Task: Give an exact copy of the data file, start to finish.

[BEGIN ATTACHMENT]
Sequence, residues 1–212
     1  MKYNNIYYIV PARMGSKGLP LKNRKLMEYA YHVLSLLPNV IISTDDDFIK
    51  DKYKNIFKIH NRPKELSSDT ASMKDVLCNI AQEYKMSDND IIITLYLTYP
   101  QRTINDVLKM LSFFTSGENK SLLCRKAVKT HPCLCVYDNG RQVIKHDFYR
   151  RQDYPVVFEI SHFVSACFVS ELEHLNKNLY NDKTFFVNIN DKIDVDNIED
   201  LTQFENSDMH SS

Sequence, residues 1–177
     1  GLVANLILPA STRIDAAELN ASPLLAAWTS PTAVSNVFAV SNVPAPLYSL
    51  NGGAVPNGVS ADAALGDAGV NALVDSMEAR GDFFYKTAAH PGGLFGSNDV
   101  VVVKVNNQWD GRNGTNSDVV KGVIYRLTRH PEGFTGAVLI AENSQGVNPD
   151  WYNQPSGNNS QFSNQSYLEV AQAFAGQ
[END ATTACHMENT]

Sequence, residues 1–212
     1  MKYNNIYYIV PARMGSKGLP LKNRKLMEYA YHVLSLLPNV IISTDDDFIK
    51  DKYKNIFKIH NRPKELSSDT ASMKDVLCNI AQEYKMSDND IIITLYLTYP
   101  QRTINDVLKM LSFFTSGENK SLLCRKAVKT HPCLCVYDNG RQVIKHDFYR
   151  RQDYPVVFEI SHFVSACFVS ELEHLNKNLY NDKTFFVNIN DKIDVDNIED
   201  LTQFENSDMH SS

Sequence, residues 1–177
     1  GLVANLILPA STRIDAAELN ASPLLAAWTS PTAVSNVFAV SNVPAPLYSL
    51  NGGAVPNGVS ADAALGDAGV NALVDSMEAR GDFFYKTAAH PGGLFGSNDV
   101  VVVKVNNQWD GRNGTNSDVV KGVIYRLTRH PEGFTGAVLI AENSQGVNPD
   151  WYNQPSGNNS QFSNQSYLEV AQAFAGQ